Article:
We headed west to Golden Gate Park and visited the Koret Children's Quarter Playground, which is allegedly the oldest public playground in the US, though it was extensively revamped recently. The playground included a large concrete slide built into the adjacent hillside, but after climbing all the way up to the top, Calvin decided it was a bit too big for him, so he climbed all the way back down.

After playing for a while, Kiesa took Calvin on the carousel, then we headed out in search of lunch. We took MUNI metro one last time (which probably didn't actually save us any time, but it was amusing) and ended up at Underdog, a hole-in-the-wall hot dog joint with two tables serving organic meat hot dogs and an extensive list of vegan hot dogs. I had an excellent chipotle pepper hot dog, but the experience was marred by Calvin's urgent need to visit the restroom.

Calvin climbs down the concrete slide at Koret Children's Quarter Playground
Calvin climbs down the concrete slide at Koret Children's Quarter Playground

We walked back into Golden Gate Park, walked past Stow Lake (which I think I remember from my childhood) and saw the Chinese Pavilion (given to San Francisco by the city of Taipei) and visited the Japanese Tea Garden. The garden was mobbed by tourists (complained the tourist) but I did enjoy the garden.

Kiesa and Calvin at the moon bridge at the Japanese Tea Garden
Kiesa and Calvin at the moon bridge at the Japanese Tea Garden
Zen garden at the Japanese Tea Garden
Zen garden at the Japanese Tea Garden

We drove to the ocean and eventually found a place to park. We had a snack of satsumas and sesame cookies on the beach, then Calvin played in the sand for a couple of minutes before I decided it was time to go to our next stop: the Golden Gate Bridge.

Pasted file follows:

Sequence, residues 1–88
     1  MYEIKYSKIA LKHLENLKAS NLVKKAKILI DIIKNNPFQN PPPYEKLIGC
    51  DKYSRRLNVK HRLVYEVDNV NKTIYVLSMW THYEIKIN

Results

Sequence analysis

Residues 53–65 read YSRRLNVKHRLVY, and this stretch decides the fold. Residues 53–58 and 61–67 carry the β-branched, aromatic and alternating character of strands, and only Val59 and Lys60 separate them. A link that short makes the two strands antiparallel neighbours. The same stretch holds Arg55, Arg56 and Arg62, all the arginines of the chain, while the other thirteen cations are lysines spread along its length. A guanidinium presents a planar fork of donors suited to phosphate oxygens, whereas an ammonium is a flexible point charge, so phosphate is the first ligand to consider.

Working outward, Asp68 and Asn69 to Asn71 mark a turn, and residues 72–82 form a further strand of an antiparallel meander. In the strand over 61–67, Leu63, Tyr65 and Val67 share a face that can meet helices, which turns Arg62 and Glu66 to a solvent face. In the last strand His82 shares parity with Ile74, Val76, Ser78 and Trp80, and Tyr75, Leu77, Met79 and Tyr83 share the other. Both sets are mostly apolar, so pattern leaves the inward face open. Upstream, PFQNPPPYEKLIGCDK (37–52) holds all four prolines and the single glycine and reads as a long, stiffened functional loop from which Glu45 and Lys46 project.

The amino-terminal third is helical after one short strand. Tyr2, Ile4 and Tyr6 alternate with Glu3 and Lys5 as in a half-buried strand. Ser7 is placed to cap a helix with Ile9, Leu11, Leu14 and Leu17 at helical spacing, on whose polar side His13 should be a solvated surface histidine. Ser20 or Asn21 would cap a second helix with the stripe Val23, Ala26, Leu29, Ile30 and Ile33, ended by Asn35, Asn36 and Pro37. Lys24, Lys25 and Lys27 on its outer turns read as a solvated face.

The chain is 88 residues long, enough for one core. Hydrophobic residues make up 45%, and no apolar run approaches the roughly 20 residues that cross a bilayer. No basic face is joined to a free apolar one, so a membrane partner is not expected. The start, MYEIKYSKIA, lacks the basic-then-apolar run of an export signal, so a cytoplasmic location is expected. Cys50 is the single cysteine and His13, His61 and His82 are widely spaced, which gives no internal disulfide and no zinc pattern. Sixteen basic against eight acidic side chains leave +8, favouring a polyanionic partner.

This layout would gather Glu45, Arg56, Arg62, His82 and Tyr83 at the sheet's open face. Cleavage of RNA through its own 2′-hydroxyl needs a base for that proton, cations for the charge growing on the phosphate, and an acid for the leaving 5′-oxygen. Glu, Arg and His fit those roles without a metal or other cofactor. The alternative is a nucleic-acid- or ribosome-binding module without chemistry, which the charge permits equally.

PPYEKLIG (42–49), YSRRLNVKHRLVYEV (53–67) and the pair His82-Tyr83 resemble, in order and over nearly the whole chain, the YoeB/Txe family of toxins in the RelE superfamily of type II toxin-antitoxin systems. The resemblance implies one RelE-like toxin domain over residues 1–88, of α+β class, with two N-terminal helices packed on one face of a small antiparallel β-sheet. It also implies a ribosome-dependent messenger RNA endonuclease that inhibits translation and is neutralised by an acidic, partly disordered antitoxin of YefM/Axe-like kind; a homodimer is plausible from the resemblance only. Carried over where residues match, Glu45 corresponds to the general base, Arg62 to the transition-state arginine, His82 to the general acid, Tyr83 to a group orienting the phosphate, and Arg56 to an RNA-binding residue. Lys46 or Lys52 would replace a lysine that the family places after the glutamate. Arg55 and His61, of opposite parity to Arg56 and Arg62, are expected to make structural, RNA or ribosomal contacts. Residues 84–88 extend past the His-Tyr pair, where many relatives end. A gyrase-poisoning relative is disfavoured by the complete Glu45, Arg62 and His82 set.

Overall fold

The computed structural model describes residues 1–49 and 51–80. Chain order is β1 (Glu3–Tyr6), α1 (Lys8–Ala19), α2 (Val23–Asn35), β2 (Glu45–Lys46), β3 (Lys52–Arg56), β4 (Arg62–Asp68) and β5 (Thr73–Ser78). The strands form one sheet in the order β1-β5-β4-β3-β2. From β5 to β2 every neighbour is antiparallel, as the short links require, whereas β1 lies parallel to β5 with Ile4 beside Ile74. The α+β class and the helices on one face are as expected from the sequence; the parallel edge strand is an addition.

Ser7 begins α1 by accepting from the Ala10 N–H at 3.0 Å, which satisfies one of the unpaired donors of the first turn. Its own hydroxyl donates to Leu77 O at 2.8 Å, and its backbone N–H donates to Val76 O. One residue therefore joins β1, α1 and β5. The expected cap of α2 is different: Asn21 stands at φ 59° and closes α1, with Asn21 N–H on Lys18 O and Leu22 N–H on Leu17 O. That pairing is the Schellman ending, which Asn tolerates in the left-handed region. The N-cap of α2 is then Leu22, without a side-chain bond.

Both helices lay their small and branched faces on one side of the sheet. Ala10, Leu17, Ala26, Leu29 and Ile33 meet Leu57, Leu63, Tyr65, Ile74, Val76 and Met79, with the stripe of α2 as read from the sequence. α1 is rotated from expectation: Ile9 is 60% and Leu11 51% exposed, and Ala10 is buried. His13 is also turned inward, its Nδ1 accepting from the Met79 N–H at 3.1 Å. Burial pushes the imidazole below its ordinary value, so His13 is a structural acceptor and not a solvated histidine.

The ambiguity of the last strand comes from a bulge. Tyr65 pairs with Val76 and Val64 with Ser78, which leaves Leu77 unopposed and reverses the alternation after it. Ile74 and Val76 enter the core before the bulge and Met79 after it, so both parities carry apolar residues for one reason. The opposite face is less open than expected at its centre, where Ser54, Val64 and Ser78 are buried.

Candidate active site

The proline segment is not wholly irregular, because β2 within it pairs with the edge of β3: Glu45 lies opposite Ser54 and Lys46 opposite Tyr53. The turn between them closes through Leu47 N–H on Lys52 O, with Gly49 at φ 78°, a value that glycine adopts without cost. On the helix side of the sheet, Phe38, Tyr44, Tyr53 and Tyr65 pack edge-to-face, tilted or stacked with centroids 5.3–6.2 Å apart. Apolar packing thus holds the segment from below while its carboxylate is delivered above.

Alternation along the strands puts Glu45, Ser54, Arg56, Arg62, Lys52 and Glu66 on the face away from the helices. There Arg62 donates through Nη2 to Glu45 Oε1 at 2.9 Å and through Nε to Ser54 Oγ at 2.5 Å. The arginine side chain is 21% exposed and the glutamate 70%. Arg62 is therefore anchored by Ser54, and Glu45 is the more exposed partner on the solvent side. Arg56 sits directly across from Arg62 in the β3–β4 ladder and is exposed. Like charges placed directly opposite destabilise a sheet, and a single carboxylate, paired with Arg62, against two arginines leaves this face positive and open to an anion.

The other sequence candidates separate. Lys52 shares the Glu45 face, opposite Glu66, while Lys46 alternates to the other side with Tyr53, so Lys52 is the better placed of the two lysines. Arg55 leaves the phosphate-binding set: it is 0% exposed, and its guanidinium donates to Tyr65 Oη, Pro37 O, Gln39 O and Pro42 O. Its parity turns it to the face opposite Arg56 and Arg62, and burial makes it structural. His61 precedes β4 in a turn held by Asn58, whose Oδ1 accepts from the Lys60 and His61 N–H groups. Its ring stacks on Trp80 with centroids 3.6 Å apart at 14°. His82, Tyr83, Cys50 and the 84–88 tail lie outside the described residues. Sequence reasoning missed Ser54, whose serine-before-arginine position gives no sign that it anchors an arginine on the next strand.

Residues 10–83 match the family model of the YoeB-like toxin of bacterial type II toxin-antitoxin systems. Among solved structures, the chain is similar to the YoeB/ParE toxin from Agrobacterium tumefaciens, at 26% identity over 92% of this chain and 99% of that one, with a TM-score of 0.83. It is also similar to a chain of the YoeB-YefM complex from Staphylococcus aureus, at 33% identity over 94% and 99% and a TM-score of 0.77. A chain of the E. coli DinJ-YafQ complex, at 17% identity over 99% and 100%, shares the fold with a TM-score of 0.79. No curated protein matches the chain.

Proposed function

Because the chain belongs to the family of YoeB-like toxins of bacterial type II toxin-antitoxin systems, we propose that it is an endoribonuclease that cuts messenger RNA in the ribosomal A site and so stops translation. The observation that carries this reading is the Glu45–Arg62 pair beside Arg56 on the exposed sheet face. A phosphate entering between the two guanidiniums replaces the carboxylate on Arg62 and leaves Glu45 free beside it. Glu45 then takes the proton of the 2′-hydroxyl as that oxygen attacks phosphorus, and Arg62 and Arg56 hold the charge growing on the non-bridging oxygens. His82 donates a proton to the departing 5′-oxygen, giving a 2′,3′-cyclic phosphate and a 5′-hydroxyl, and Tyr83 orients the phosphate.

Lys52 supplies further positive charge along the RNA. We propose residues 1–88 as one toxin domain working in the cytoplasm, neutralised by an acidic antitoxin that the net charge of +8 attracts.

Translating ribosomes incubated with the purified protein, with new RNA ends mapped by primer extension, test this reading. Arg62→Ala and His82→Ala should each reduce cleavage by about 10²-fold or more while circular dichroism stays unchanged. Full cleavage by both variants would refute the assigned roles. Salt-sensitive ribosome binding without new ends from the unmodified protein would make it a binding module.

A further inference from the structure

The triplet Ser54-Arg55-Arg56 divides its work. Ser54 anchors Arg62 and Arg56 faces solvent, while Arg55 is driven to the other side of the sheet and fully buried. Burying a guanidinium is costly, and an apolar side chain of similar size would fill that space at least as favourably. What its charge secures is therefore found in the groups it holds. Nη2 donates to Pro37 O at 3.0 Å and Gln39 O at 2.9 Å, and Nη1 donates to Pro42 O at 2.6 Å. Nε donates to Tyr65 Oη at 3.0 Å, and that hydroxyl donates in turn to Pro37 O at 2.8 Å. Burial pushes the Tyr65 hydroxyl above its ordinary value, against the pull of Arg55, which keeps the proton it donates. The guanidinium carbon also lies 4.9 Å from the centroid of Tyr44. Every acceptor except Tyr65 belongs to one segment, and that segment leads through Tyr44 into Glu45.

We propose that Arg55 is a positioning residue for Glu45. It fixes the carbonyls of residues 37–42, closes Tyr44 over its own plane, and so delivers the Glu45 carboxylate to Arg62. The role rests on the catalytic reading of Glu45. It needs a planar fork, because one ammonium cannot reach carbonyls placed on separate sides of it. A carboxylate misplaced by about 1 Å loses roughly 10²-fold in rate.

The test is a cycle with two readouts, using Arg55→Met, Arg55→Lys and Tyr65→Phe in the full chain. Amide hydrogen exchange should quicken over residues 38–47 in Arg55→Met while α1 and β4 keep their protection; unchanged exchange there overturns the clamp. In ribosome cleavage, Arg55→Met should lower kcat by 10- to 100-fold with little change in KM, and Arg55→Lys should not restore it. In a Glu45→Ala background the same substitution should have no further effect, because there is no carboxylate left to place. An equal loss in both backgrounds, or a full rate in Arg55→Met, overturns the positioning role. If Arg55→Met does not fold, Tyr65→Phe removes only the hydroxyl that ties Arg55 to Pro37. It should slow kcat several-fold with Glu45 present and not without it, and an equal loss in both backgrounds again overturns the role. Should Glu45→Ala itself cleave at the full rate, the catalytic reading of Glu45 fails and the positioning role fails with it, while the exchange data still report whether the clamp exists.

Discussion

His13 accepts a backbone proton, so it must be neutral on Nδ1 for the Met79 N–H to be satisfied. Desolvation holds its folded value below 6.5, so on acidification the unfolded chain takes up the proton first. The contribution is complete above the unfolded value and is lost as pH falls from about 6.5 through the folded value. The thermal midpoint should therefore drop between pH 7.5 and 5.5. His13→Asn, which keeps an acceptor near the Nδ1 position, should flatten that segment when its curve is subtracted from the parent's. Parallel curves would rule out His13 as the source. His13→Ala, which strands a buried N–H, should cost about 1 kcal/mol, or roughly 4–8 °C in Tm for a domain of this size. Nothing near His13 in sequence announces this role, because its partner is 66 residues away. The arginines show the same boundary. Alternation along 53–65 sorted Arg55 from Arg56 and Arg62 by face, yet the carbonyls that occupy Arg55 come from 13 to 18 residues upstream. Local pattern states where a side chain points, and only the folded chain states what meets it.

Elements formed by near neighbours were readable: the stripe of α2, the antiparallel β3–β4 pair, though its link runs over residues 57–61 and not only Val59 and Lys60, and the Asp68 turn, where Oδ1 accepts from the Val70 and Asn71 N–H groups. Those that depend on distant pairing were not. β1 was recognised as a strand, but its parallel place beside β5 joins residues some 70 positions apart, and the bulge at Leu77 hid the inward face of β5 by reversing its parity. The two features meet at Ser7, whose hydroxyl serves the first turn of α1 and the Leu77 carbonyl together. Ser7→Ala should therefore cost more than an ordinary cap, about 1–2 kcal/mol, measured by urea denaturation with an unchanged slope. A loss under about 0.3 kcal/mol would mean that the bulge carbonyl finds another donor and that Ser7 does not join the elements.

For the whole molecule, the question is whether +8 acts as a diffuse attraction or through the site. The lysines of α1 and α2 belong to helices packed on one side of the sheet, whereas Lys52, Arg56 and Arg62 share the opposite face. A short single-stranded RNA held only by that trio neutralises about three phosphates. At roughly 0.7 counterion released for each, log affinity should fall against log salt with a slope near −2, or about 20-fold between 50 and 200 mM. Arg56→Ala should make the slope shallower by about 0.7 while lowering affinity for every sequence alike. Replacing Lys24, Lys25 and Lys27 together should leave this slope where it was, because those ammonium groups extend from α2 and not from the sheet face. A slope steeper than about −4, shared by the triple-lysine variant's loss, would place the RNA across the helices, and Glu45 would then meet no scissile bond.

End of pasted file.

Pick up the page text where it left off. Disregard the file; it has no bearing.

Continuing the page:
Seeing the bridge, though, proved easier said than done. Traffic was heavy on the Park Presidio Boulevard, and the small overlook parking on the south side of the bridge was completely full. I settled for driving into the parking lot, pointing at the bridge out the window, then drove across the bridge. Traffic was heavy, but after we crossed the bridge it was obvious that all of the traffic were tourists who turned off at the first exit to turn around. We continued northbound, through Marin County, and turned east through the sloughs at the northern end of the bay to reach I-80 to reach my grandparents' house in Sacramento. We arrived in time for supper, then settled in for two nights in Sacramento.

Well, this was a family outing. Ya know, one of
those occasions where four people try to get
together for an evening, and it's considered a
success if no one has been murdered by the time
it's over.
- Bitscape